What is a Boy/Girl?
Radio Commentary, 90.7, 91.7 New Life FM, July 12, 2013 – By Sue Ella Deadwyler
In 2001 a K ‑5 curriculum was introduced in San Francisco to counteract home-taught moral values of very young children. It is a systematic, persistent, progressive training of children to accept alternate lifestyles and emerge as future civil rights activists promoting all sexual preferences.
The first lesson introduces kindergartners to slang terms for male and female homosexuals – terms most children that young have not heard at home or church. The title of the second lesson is “What is a Boy/Girl?” You might expect a scientific biology lesson, but not so. The children are instructed to make a column for boys and a column for girls on a sheet of paper, after which the teacher deems all of them to be “kids,” implying there’s no difference between boys and girls. Lesson three, about building a family with two mom or two dads, ends with the teacher reading Asha’s Mums and Who’s in a Family?
Since lesson four is about cross-dressing, the teacher explains that there’s no difference between boys wearing skirts and girls wearing baseball uniforms. After learning that, the class ends with dress-up time! In lesson five the teacher reads storybooks, changes mom and dad to “mom and mom” or “dad and dad,” then compares husband-and-wife families to households headed by lesbian, gay, bisexual, transgender partners. Note how the terms change from “families with husband and wife” to “households headed by partners.”By lesson six, pupils must replace fairy tales characters with lesbians, gays, bisexuals and transsexuals and the teacher asks whether it’s fair that same-sex couples can’t get married. (Note the insertion of a political agenda.) Each child writes a make-believe story about a family that looks different from his own family and homework is assigned to get the family involved. (Note the use of homework to reach parents with the social change.)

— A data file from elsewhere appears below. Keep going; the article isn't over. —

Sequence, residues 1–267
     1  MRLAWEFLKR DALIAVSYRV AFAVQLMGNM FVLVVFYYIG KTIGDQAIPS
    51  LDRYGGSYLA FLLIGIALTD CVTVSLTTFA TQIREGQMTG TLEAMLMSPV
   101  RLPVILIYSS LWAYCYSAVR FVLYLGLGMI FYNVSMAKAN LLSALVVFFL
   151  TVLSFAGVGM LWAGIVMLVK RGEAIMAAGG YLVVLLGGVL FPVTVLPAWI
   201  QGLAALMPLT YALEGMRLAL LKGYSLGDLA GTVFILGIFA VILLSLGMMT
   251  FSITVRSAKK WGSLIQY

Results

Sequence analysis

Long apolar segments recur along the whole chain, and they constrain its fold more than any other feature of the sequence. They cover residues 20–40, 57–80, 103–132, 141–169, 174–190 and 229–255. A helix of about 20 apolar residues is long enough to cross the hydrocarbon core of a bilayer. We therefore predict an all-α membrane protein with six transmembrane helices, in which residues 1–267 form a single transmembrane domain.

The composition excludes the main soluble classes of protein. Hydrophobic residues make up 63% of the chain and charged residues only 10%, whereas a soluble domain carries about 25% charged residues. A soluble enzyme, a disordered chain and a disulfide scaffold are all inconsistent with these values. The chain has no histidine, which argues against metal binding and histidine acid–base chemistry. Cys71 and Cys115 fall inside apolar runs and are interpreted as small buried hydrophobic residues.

Lesson seven introduces gay-pride symbols. So, the pupils make enough rainbow flags in class to put one of them in the hall. For homework the family (another clever move) makes a rainbow flag with authentic colors and, for lesson eight, local LGBT people visit the class to talk about their partners and answer questions from their captive audience of children K – 5. The curriculum suggests a class field trip to the speakers’ job sites. (No mention of parental permission.) For homework, pupils write thank-you notes to the visitors and list something they learned in class.
Lesson nine focuses on literature about diverse families and their various ways to live and love. Library books are discussed with a partner (opposite- or same-sex?) and partnered pupils decide whether biographies mention LGBT partners. An entire LGBT family visits the class to tell about their family. For homework (engaging the family again), the children write a paragraph about life in a lesbian or gay family.
There are three more lessons in this curriculum. So, tune in next week. You might be surprised at what fifth-graders are expected to do after these lessons. For Georgia Insight I’m Sue Ella Deadwyler, your Capitol correspondent.